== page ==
Hiring staff and finding the funds to support this level of care with no reimbursement was a challenge, so a financial model was developed that involved patient cost sharing of about $20 per month. For the first time, patients actually experienced the cost of this service, which was a significant change for them. About 100 of the 4,000 patients left the group because of the charge.

Five years later, quality outcomes and patient satisfaction with the clinic are excellent, but some patients still object to paying for a previously free service. A few providers also do not consistently adhere to the guidelines, so ongoing education is necessary.

In another example, a specialty procedure performed at a hospital site in an outlying area was priced much higher than the same procedure at ambulatory sites in a larger city. If the quality at the outlying community site was better, the higher cost might be justified. However, there was no evidence to support that. The cost structure of a smaller hospital drives up the price, and businesses and patients ultimately pay these costs.

After analyzing data and conducting provider interviews, Spectrum Health learned why colonoscopies cost $800 to $1,000 more in the outlying area than in the metropolitan area and determined what could be done to correct it. Physicians at the hospital site in the outlying area were using anesthesiologists to administer sedation, requiring extra equipment, while those in the metropolitan area administered conscious sedation, which did not require an anesthesiologist. Spectrum Health reeducated and retrained some providers in the outlying area to administer conscious sedation; the result was lower costs. However, changing behavior—which may reduce provider reimbursement—is difficult.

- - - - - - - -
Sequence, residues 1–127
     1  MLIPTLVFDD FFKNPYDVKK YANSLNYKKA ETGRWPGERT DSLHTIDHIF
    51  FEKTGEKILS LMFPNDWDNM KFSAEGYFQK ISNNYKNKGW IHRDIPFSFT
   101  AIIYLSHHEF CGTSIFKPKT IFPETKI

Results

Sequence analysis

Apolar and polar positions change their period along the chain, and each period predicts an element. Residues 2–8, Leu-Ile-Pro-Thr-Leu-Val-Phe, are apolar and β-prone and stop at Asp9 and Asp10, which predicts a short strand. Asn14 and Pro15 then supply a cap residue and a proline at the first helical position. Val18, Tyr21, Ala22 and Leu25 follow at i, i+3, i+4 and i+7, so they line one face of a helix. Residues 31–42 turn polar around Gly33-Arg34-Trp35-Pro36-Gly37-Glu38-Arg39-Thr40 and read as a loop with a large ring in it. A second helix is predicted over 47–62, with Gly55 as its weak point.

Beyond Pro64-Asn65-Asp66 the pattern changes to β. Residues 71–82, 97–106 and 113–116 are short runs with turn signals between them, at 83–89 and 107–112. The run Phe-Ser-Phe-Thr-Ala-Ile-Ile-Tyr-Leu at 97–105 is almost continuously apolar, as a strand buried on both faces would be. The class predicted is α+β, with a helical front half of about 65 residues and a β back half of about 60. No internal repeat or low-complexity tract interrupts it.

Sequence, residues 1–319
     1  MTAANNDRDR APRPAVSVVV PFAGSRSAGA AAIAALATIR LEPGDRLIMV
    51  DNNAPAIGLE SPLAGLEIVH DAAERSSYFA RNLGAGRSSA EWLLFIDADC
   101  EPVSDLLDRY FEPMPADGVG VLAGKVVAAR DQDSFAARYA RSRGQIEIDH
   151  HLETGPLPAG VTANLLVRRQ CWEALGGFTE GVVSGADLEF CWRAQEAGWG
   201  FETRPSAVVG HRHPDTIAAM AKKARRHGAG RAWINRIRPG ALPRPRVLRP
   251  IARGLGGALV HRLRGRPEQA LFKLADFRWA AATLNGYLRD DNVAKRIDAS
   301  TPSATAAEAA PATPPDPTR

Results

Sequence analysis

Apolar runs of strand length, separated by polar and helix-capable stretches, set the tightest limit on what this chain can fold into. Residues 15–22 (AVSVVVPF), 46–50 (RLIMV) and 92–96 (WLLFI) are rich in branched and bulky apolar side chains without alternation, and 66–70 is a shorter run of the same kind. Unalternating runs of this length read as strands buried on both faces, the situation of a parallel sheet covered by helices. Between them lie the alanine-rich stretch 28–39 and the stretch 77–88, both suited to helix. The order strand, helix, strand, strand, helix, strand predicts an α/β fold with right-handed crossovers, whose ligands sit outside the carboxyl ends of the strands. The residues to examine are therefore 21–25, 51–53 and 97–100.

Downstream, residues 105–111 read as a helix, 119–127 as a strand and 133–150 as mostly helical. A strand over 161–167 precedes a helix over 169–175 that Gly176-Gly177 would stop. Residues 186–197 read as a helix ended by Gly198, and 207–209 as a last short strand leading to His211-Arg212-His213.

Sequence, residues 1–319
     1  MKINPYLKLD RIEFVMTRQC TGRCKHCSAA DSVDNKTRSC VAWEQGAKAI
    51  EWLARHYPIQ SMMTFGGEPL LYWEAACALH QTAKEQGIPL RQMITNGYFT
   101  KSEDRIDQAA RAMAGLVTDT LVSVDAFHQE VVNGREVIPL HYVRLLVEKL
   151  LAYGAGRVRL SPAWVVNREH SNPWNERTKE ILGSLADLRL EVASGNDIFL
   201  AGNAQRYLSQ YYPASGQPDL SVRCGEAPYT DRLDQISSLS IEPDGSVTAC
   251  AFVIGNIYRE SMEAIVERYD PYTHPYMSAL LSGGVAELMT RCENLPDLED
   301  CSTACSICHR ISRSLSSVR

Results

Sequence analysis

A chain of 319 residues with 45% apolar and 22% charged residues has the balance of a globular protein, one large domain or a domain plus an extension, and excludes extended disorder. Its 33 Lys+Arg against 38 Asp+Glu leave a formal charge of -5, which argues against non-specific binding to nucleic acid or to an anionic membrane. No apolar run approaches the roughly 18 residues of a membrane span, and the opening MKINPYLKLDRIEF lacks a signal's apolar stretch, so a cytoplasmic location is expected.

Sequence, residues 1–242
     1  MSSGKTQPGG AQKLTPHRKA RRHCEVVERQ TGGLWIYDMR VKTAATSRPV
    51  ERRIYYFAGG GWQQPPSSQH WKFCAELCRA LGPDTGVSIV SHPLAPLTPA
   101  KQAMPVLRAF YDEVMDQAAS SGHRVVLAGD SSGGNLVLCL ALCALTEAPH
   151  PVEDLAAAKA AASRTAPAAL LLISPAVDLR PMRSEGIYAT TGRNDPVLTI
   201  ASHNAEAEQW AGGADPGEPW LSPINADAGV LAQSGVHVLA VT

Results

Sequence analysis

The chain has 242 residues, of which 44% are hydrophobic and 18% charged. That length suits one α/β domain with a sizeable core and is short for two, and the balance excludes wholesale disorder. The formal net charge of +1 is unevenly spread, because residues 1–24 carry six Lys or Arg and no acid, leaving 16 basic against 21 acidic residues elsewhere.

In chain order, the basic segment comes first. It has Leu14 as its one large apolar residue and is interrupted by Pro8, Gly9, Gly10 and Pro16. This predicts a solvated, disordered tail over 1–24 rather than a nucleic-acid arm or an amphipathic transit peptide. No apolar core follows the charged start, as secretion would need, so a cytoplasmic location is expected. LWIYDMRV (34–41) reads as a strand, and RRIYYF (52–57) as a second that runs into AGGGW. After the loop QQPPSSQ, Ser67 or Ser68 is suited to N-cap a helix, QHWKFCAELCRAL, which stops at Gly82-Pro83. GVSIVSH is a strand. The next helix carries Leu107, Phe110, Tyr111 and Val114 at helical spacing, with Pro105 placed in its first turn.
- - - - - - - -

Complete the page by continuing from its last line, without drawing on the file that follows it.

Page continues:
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Lesson Learned: Complexity Slows the Process

Defining the cost of care is an exceedingly complex and time-consuming process. Cost is defined differently by various stakeholders, so the definition must be clarified before interventions are designed. Cost to the insurance company and patient is determined by price and utilization. Cost to a provider or healthcare system is based on all known elements, particularly cost structure and indirect costs that are not easily measured, such as the amount of time physicians spend on the phone with patients and other providers.

Reducing costs requires that the elements be measured and incentives aligned so that all stakeholders are on the same page. Providers need to be efficient while maintaining quality and appropriateness standards, and compensation should be linked to these objectives. Prices need to be transparent so patients can shop for the best value. Moreover, clarity will enable all stakeholders to make smarter decisions and will allow providers to deliver better and more appropriate care.

Knowing the cost of care may also introduce difficult choices, such as whether to cover true costs if reimbursement does not pay for them in full. However, reducing costs will be problematic if providers continue to receive incentives for volume-based services and if indirect work (e.g., time on the telephone) is not accounted for or additional staff are not hired to cover the workload. Likewise, if consumers cannot make informed decisions based on price or are not held accountable for their choices, reducing costs will be difficult.

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Success: Innovative Products and Services